Arkansas voters will go and have their primary. Does it exude confidence on his part that he can skip New Hampshire, for example, on this day, Eric?

FEHRNSTROM: Oh, I'm sorry. Could you repeat? I lost audio for a second there.

BLITZER: I was just wondering, is Trump exuding confidence that he's skipping New Hampshire right now to be in Arkansas, which doesn't have their contest until March 1.

FEHRNSTROM: It's a big mistake for him to be in Little Rock, Arkansas, Wolf.

Look, in 2008, I was with Mitt Romney. He was the poll leader in Iowa and in New Hampshire for the longest time. He lost Iowa and then in a week's time he saw his lead in New Hampshire evaporate.

You know, humility is a great teacher in politics, and Trump after the Iowa caucus sounded very humble and gracious. Those are not two words we usually associate with Donald Trump. But the feeling was setting in that maybe he's learned some lessons. He himself admitted that he should have spent more time focused on his ground game and his turnout operation.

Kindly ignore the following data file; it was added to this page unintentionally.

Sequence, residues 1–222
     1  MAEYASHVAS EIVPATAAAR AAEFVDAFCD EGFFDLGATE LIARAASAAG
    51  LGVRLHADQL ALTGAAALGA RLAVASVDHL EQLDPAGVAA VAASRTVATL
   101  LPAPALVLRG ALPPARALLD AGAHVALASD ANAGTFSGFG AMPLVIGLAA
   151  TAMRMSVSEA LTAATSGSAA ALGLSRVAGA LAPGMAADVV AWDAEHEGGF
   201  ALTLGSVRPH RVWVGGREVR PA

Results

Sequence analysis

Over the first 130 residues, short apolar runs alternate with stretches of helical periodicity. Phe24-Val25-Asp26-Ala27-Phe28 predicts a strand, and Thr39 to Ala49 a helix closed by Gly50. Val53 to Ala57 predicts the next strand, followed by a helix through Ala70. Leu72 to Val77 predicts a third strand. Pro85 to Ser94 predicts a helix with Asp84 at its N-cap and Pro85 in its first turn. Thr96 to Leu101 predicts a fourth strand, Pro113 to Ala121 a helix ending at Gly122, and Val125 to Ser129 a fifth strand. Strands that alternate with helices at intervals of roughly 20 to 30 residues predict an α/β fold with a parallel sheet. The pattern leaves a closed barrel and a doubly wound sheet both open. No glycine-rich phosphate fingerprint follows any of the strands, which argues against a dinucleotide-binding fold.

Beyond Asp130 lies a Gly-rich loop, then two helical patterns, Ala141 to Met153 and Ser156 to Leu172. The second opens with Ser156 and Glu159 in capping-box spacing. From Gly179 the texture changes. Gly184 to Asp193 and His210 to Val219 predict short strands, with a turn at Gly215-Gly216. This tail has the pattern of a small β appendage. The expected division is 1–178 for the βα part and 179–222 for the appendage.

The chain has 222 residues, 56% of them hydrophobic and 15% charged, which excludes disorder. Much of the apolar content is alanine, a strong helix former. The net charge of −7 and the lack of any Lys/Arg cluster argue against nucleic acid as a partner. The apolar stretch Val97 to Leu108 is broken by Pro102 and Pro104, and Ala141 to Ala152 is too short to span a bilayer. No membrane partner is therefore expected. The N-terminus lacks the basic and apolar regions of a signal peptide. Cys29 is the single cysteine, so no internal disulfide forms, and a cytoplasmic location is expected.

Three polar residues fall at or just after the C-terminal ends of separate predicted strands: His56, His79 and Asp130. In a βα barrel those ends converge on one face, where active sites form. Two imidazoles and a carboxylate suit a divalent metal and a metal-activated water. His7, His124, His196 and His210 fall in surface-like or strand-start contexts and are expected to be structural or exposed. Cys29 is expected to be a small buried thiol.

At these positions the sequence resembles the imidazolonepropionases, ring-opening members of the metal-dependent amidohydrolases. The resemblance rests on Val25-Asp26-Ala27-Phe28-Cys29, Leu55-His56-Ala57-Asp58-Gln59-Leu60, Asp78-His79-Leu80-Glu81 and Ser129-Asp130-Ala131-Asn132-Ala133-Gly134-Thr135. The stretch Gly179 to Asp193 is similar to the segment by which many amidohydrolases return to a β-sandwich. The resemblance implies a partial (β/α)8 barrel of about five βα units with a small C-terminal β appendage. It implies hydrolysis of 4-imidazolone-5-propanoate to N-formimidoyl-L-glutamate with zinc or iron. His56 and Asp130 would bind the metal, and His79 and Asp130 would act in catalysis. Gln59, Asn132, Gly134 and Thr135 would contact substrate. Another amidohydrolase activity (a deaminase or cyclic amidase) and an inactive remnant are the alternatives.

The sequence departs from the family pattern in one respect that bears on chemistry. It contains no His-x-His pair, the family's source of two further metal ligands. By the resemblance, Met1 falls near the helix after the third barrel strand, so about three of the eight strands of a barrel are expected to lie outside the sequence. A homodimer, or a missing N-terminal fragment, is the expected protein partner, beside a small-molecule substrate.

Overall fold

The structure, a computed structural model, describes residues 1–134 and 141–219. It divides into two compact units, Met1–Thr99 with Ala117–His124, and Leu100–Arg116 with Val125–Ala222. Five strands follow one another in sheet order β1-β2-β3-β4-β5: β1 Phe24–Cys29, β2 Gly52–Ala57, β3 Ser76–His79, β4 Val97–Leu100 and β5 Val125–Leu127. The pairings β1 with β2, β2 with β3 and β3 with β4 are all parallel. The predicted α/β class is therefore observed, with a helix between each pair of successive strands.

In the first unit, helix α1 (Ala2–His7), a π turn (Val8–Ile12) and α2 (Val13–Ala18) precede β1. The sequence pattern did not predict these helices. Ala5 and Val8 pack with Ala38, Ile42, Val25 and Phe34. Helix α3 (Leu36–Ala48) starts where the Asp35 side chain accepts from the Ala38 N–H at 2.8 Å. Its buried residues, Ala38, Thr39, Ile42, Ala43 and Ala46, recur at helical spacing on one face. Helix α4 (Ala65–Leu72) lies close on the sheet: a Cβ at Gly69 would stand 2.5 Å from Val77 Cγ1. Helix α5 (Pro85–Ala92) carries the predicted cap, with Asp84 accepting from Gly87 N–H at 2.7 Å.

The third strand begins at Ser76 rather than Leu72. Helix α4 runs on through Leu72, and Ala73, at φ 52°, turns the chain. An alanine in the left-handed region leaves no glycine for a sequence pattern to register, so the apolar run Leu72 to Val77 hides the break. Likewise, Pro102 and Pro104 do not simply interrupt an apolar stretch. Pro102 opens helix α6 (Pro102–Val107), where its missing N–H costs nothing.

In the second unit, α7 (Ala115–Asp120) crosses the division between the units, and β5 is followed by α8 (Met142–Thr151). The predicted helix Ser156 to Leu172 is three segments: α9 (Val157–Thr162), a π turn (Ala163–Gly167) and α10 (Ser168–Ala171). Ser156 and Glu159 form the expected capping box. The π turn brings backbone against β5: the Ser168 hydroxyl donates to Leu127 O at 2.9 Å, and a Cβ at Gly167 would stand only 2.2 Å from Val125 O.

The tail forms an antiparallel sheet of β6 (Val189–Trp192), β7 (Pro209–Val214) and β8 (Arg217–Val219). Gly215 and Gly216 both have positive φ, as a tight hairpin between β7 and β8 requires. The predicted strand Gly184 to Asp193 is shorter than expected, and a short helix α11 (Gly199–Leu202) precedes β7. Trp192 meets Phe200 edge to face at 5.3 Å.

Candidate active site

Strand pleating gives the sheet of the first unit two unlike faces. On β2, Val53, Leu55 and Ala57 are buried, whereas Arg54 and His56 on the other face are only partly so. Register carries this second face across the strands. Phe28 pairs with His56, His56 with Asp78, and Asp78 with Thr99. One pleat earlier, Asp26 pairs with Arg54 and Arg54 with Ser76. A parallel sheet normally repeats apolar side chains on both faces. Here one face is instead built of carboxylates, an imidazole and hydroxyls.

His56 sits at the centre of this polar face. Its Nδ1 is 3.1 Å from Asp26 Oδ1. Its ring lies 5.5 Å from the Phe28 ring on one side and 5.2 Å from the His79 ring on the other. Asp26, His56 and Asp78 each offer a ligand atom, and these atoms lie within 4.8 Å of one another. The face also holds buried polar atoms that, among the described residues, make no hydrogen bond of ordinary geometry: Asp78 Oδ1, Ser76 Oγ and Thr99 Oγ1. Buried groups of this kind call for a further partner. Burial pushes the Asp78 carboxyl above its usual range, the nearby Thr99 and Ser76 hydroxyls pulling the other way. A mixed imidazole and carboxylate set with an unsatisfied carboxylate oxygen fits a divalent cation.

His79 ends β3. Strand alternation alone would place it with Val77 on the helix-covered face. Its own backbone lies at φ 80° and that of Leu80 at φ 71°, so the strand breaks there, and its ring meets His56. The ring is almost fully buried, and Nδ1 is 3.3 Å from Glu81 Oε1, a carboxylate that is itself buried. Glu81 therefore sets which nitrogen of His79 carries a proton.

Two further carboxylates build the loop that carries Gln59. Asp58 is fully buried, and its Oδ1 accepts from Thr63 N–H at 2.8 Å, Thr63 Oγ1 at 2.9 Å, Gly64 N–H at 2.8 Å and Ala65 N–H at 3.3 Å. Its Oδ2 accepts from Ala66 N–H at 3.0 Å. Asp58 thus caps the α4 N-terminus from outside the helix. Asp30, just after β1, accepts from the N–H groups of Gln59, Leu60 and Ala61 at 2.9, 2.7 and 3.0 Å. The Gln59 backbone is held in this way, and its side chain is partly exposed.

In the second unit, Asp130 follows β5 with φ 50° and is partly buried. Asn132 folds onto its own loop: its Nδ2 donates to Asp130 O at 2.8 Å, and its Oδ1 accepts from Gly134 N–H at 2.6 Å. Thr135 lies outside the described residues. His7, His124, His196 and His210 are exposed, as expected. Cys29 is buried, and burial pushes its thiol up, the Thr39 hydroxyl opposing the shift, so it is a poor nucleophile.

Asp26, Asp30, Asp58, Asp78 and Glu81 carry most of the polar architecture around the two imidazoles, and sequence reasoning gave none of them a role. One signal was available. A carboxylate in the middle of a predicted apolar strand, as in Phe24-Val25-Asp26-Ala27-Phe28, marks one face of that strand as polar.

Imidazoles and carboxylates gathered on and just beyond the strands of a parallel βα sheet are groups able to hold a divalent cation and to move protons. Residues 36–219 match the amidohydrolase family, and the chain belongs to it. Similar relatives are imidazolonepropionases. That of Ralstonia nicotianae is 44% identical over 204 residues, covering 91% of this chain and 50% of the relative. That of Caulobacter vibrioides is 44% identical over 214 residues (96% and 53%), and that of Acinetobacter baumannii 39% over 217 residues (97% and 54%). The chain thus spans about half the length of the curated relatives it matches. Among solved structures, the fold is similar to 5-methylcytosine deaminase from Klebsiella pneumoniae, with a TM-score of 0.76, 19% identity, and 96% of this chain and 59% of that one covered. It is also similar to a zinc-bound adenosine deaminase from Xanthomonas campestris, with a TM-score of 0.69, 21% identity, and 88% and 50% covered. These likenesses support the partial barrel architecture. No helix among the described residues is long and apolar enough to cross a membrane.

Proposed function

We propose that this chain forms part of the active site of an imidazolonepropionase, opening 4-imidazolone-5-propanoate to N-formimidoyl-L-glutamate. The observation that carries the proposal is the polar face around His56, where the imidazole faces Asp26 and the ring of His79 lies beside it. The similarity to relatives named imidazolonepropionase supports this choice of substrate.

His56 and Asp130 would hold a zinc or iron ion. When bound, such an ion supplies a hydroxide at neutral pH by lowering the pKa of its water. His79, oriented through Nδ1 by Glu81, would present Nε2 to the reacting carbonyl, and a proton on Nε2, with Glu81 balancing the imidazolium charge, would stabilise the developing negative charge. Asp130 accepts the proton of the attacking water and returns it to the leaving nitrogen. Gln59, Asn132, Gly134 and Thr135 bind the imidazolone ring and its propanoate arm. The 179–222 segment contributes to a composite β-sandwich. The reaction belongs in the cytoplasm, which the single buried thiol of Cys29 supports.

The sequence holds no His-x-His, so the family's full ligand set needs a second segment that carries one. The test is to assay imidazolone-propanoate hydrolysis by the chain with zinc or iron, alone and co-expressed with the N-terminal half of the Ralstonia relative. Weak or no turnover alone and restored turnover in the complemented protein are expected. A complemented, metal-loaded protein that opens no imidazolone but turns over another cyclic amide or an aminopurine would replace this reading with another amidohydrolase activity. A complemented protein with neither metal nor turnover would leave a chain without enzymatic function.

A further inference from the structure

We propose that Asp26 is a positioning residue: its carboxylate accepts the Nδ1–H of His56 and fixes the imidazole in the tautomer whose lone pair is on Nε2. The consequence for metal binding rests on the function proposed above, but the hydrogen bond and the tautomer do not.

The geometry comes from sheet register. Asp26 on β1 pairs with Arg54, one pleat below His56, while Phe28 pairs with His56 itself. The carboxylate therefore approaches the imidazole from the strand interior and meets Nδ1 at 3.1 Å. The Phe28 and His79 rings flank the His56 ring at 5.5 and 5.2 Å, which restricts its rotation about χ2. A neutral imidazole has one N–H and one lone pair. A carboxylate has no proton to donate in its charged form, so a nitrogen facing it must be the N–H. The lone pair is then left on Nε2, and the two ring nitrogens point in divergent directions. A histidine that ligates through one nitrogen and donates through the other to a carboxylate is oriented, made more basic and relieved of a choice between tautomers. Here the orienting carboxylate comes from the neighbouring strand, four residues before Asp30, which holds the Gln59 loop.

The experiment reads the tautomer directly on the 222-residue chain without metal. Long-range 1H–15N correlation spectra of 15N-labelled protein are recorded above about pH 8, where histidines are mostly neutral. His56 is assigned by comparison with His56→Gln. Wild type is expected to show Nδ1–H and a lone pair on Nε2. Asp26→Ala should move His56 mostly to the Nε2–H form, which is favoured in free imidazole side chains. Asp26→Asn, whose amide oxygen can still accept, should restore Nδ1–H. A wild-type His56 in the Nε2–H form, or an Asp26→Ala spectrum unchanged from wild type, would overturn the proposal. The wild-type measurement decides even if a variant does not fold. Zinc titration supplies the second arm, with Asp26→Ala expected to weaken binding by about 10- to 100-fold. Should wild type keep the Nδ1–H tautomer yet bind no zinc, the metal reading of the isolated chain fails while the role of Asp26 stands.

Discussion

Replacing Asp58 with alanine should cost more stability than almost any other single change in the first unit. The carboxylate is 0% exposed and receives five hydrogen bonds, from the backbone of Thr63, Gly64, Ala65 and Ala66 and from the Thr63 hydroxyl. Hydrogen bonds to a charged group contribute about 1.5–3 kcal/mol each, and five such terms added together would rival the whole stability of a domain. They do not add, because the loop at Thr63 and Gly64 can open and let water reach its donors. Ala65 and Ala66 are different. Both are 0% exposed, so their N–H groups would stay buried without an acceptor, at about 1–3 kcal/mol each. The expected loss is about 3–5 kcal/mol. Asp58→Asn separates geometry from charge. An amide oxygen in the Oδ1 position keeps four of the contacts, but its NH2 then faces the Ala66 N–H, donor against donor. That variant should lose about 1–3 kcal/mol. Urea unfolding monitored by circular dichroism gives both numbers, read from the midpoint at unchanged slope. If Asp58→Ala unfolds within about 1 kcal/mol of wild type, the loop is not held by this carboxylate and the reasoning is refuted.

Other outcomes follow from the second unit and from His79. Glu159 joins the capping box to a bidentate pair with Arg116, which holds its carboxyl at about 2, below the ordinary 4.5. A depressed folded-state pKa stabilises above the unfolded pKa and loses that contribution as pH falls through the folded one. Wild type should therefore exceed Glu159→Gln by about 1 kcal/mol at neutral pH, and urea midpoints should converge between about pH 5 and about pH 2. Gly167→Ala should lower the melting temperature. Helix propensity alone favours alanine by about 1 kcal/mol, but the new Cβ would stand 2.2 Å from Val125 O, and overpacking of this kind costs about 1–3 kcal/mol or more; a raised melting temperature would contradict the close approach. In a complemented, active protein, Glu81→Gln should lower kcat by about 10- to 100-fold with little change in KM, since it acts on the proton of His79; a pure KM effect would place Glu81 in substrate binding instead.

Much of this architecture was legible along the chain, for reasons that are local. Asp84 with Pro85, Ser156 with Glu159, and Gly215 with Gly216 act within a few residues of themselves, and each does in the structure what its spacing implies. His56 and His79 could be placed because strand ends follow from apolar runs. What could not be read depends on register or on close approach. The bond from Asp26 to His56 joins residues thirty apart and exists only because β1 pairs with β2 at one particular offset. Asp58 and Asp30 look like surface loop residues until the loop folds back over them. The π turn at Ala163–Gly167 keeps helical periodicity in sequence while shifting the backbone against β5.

But for him to be on the plane flying around the country and not on a bus in New Hampshire going from town to town, I'm not saying he has to do town halls. Jeanne Shaheen didn't do any town halls in her reelection two years ago. But he's got to show the people of New Hampshire that he is not taking them for granted.

BORGER: I think he's trying to do that.

BLITZER: Go ahead, Gloria.

BORGER: No, I think -- I agree with Eric that Arkansas is a little off the beaten track right now, given what he's got to do, but he has scheduled like a bunch more events tomorrow in New Hampshire. And I think he understands what he messed up in Iowa.